Last January, a shocking tragedy occurred in which 19 people were shot during a public meeting outside of a local supermarket in Tucson, Arizona, including Rep. Gabrielle Giffords, D-Ariz. Viewers watched in horror as reporters described Jared Lee Loughner, who opened fire on innocent U.S. citizens while they took part in a democratic process.
If the U.S. put greater focus on the mentally ill, than this tragedy could have possibly been avoided altogether.
Giffords, who was shot in the head and almost fatally wounded, has announced a year after the shooting that she will be stepping down from Congress this week to focus on her recovery.
The shooting sparked a heated debate concerning gun control and heated rhetoric in politics about how our country treats the mentally ill. Although these issues were largely discussed for several months following the incident, a year later I hardly hear of any debate on these topics, and no changes seem to have been made.
It is upsetting that Congress has not worked together on gun control legislation. Also, it is absurd a closer look has not been by U.S. states on the identification and treatment of the mentally ill.
Since he was taken into custody, Loughner has been diagnosed with schizophrenia and bipolar disorder. Both disorders led him to commit this heinous crime. There were many red flags in Loughner’s past, but nobody intervened.
During his time at Pima Community College, Loughner had five contacts with police for classroom and library disruptions. He made his classmates and teachers uncomfortable by frequently shouting incoherent statements and displaying hysterical fits of laughter at inappropriate times.
Not only did his teachers admit they hesitated to turn their backs to Loughner when writing something on the board during class, but many students feared for their personal safety as well. Several even went as far as dropping classes they shared with Loughner due to his bizarre behavior.
Loughner was later suspended after police discovered a YouTube video of him ranting about government conspiracies and declaring that college was illegal according to the U.S. Constitution. He withdrew a month later, and was told he could only return if a mental health professional agreed he did not present a danger to the school.
Also, according to court records, Loughner had two previous offenses. One was for the possession of the drug paraphernalia and the other was an unknown local charge. Both offenses were eventually dismissed.
On Nov. 30, 2010, Loughner purchased a 9mm Glock pistol from a Sportsman's Warehouse. Two months later on Jan. 8, 2011, Loughner purchased ammunition at Walmart. That day he used the pistol and ammunition he had bought to murder six innocent U.S. citizens, including a federal judge and a nine-year-old girl, while additionally wounding 13 others.
The fact that Loughner, with his troubling background, was able to purchase a gun and ammunition is reason enough to raise great concern about our states' policies. More unsettling is how this man with a record of mental instabilities and criminal activities was never questioned, identified as potentially dangerous by officials or treated for his disorders.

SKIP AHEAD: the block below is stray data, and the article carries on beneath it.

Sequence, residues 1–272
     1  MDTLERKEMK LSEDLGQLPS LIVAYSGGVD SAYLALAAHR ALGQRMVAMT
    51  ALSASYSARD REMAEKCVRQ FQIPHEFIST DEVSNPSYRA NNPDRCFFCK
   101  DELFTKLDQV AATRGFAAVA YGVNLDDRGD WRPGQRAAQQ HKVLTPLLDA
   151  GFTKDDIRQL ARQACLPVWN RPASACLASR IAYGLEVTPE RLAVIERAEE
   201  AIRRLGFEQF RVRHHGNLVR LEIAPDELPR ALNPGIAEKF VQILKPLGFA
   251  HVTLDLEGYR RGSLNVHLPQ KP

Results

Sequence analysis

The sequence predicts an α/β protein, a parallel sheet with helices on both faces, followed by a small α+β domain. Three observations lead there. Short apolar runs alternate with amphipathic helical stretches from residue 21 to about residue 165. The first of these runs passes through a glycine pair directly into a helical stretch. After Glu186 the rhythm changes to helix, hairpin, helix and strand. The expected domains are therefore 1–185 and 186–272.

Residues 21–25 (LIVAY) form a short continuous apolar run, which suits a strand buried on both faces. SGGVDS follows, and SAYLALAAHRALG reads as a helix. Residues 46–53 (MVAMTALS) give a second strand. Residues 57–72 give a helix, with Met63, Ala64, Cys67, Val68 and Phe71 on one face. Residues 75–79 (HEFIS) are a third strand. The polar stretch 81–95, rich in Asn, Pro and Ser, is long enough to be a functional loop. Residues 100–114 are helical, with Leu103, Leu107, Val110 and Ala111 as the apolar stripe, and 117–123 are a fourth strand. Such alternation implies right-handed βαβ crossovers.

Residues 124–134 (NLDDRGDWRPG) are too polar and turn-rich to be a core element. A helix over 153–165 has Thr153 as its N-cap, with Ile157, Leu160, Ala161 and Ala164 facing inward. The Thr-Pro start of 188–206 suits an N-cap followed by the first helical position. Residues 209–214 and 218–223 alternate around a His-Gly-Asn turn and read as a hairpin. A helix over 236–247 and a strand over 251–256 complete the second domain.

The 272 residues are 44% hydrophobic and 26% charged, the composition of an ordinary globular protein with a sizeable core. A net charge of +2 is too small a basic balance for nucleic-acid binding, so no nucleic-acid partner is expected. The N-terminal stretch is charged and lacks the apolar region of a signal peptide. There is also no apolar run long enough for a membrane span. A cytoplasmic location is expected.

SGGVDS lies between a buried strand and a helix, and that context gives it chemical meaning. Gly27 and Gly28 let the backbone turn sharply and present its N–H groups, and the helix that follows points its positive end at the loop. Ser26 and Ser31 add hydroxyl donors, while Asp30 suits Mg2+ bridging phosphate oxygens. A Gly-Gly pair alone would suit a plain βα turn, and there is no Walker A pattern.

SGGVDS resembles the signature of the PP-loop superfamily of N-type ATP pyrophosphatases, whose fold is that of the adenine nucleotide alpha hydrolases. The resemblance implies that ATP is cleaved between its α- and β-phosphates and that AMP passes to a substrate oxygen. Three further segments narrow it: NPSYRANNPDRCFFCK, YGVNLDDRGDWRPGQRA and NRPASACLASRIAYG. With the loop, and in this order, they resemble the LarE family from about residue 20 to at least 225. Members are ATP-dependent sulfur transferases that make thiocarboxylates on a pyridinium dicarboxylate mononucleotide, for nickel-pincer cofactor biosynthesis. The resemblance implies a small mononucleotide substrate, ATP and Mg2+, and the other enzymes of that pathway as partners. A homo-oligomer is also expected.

According to the National Advisory Mental Health Council, an estimated 4.5 million Americans today suffer from severe brain disorders. Approximately 40 percent of those individuals are not receiving treatment, which results in homelessness, incarceration and violence. These lapses in our country’s treatment of the mentally ill are not to be taken lightly.
According to a recent Bureau of Justice Statistics Special Report, “violent episodes by individuals with untreated schizophrenia and manic-depressive illness have risen dramatically, now accounting for at least 1,000 homicides out of 20,000 total murders committed annually in the United States.”
The illnesses themselves add to this crisis since disorders such as schizophrenia and manic depressive illness impair self-awareness and many people do not recognize that they are sick and in need of treatment. However, if psychiatric care is provided there is a 50 percent reduction in rate of violence among those treated for their illness.
Sadly, battles in courtrooms about individual civil rights have altered state laws to such an extent that it is now almost impossible to assist in the treatment of psychotic individuals unless they first pose extreme danger to themselves or society. Ironically, the first time they pose imminent danger to themselves or the public, someone has likely already been hurt or killed.
The public psychiatric care system is almost completely run by the states, and the question on their minds seems to be, “What will federal programs pay for?"rather than, “What does the individual need?” This type of thought process can no longer continue.
Gifford’s resignation due to her injury is a recent reminder of the importance of this issue. It is time that states allocated more money and focus towards the identification and treatment of the mentally ill in order to protect the citizens of our country. The data speaks for itself and we would be crazy not to do something about it.